The price for oil has fallen at a somewhat rapid pace over the past seven months, causing the Energy sector to take quite a hit in revenue. That said, there is no denying the multitude of benefits to both consumers and many businesses. Consumers are able to save more money. Businesses are experiencing lower energy costs and realizing an increase in their profits, thus paving the way for governments to benefit from more taxes being paid. This also could open the floor up to M&A opportunities for some companies.
There is no denying that the underlying cause in the declining prices is partly due to the struggling economic growth, which in turn reduces the demand. But the other obvious factor is self-production and that’s what has benefited the US. For nearly four years, oil prices around the world have held at about $110 a barrel. Both Brent and US crude oil have fallen below $50 a barrel which is a first since May 2009. The supply from America is up roughly four million barrels a day, since 2009. This increased supply, coupled with banned crude exports and plummeted American imports, has contributed to an overwhelming glut on world markets.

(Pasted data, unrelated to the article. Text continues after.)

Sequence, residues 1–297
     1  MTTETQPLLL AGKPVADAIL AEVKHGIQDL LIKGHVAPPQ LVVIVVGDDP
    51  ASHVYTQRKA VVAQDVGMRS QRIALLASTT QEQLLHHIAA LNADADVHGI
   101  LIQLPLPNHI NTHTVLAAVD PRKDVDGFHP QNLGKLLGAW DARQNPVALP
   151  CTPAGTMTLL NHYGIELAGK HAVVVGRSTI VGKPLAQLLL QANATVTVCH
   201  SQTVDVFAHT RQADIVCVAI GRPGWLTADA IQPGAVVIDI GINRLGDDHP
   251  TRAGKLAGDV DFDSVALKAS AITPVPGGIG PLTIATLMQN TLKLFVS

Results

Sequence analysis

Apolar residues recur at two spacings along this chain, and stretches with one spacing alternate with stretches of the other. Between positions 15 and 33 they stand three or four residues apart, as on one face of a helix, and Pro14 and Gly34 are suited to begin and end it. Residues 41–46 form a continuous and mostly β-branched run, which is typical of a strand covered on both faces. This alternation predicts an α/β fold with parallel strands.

The interesting side of it is that many exporting countries have decided against curbing their production, as a means to keep prices high. Many would argue, however, that this might not be such a wise move. The increased American supply is no doubt largely attributed to innovative techniques for fracking and drilling. Shale production methods that are flexible undoubtedly make it easily responsive to price changes. All this coming together would indicate continuous gains in productivity, with no definitive end in sight.
Though major exporters have remained steadfast on their refusal to cut supplies, the International Energy Agency (IEA) monthly report says continued US production and falling prices could finally force their hand. “On the face of it, the oil price appears to be stabilizing. What a precarious balance it is, however,” the report said. “Behind the facade of stability, the rebalancing triggered by the price collapse has yet to run its course, and it might be overly optimistic to expect it to proceed smoothly.”
The real question remains to be can the US become self-sufficient in the midst of the oil debate? Though a simple question, the answer isn’t quite as easy. Yes, the US is testing their oil storage capacities to the limit. Yes, there is a clear line of connection between the falling prices and the boost in the economy. But the reality is that the trend of increased daily barrel production would have to continue for the next decade for the US to become energy self-sufficient. Though a very ideal situation, it might be fair to say that the optimism far outweighs the reality.